In Hashavua Article, Yavneh News


Some of my own favorite memories of going to school as a kid always involved projects. Specifically, I always found joy and motivation in projects that required me to step outside of the classroom or school and get into the community. One of these experiences that comes to mind for me is a science project in middle school where our class created an exhibition about the prairie wildlife found in the south suburbs of Chicago. As a class we visited prairies, discovered wildlife and then we created an exhibition for our city hall. This experience not only had a lasting impression on me but it showed me that learning experiences could reach people outside of my classroom and school.

As a teacher & leader, one of my favorite educational buzzwords has always been the idea of authenticity. The idea of providing our students with authentic learning experiences in and out of the classroom not only helps them see the relevance of what they are learning, but also intrinsically motivates them to want to do well. When I think of authenticity here at Yavneh, I think of countless examples including:
– Our Hebrew program prepares our students to chant torah.
– Our Keshet program where our 8th graders take ownership & leadership of one of our staples: Keshet of Kavod.
– The 5th grade this year is working as bloggers to share and inspire others with their unique messages.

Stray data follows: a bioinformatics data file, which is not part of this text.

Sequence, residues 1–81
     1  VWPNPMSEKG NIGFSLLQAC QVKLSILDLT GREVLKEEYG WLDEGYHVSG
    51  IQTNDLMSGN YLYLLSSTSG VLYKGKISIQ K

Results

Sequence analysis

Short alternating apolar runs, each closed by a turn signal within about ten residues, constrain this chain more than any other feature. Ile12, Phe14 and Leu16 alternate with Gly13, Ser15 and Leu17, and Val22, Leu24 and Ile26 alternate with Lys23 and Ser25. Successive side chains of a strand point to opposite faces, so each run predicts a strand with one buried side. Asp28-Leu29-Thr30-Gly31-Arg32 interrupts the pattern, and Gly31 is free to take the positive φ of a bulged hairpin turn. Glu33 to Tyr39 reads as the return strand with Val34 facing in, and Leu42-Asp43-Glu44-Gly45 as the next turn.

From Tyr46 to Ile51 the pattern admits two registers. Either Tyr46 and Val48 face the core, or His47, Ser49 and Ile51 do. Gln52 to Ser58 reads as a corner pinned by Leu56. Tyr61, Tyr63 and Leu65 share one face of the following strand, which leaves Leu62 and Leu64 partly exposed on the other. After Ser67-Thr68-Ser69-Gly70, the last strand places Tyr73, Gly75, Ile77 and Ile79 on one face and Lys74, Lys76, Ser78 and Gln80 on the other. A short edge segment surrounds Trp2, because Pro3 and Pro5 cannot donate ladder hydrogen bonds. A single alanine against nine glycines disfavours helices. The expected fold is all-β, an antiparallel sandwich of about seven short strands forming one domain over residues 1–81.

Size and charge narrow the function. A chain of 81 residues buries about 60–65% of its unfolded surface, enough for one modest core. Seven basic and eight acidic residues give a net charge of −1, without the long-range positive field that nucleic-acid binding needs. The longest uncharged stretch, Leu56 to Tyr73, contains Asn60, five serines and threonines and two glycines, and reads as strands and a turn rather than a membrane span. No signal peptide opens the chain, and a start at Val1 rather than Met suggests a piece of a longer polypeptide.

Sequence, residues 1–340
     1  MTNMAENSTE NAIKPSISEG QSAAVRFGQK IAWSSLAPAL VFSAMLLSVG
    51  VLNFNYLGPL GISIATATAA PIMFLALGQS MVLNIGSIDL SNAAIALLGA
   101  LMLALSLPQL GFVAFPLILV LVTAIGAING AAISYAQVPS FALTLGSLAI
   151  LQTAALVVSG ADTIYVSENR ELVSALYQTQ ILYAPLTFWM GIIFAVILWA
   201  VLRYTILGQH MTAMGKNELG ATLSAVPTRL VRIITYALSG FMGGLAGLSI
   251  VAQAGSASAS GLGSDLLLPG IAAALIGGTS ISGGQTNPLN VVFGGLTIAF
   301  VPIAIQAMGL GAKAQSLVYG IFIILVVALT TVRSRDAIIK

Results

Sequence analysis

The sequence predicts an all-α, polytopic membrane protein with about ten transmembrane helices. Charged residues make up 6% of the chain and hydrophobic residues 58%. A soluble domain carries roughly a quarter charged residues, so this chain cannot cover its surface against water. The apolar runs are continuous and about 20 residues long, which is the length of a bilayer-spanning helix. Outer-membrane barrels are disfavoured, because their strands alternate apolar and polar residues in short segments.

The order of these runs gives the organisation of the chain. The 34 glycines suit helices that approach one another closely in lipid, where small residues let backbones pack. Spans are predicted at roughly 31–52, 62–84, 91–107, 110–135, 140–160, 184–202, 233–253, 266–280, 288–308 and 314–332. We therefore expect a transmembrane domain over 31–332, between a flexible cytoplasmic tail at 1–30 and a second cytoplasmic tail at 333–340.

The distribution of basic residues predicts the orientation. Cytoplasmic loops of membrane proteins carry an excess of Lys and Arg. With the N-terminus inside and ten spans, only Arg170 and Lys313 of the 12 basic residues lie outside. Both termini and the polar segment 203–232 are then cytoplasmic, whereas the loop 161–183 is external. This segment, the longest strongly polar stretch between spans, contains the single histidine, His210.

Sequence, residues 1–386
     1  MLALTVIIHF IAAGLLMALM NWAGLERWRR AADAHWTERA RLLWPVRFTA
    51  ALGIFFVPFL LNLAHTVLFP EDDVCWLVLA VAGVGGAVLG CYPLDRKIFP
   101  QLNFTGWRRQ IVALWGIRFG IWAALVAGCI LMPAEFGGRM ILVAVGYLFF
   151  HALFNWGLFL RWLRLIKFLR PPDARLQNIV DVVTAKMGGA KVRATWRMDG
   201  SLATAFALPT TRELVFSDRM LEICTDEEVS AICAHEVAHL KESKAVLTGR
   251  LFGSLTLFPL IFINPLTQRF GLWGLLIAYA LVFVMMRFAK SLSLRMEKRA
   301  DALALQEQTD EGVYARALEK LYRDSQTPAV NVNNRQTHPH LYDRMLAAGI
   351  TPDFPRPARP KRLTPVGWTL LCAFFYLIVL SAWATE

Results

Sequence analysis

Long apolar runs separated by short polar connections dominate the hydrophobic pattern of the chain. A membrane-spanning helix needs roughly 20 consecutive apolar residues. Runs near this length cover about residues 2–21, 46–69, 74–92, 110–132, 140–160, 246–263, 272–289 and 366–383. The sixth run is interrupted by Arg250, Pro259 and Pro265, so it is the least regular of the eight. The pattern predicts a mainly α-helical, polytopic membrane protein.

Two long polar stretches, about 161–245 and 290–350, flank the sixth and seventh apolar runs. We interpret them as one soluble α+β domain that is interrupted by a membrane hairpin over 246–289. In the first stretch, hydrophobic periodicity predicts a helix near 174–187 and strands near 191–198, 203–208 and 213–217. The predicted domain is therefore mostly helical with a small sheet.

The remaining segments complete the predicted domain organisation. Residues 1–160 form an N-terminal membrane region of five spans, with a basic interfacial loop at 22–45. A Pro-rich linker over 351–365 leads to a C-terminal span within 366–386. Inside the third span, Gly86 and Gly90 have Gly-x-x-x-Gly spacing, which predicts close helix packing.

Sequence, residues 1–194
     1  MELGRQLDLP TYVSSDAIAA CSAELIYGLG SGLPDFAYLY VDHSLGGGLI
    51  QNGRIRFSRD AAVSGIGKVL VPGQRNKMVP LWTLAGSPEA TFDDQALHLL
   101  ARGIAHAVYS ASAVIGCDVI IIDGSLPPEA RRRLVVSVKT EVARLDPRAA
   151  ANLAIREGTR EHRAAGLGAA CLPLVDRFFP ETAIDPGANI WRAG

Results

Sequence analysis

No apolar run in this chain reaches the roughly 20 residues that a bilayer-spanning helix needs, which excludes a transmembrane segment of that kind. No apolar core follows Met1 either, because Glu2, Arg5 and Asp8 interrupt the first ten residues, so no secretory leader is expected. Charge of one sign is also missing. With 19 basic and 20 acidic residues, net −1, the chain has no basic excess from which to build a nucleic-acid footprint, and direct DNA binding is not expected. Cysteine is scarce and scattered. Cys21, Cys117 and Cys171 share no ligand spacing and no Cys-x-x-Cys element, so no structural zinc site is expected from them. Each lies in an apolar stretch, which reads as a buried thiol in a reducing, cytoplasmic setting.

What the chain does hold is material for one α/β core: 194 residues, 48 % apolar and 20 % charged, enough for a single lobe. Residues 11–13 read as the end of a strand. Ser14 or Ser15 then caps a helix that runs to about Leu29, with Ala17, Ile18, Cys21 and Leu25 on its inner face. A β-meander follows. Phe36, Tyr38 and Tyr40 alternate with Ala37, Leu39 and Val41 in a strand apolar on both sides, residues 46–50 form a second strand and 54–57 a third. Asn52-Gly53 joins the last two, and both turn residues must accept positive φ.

– Our 3rd Graders who have taken ownership of our school’s garden.
– If you had the opportunity to zoom into any of our Hanukkah programs last week or attend our programs at the Pruneyard or Children’s Discovery Museum you bore witness to performances by students in various grade levels.
– Our Middle School student council is working diligently to create experiences for the entire school community. I have been in awe of their vision, execution and value that they have added to the Yavneh experience this year.

As the school year continues and our student-driven curriculum continues rooted in Project Based Learning (not just projects,) I am excited to see how your student continues to be inspired through authentic learning experiences which will have a lasting impact on them. At Yavneh, we are always looking for ways to help our students see the relevance of their learning by providing authentic learning experiences.

~ Doug Hinko

Nondiscrimination Policy: Yavneh Day School admits students of any race, color, national, and ethnic origin to all the rights, privileges, programs, and activities generally accorded or made available to students at the school. It does not discriminate on the basis of race, color, national, and ethnic origin in administration of its educational policies, admissions policies, scholarship and loan programs, and athletic and other school-administered programs.
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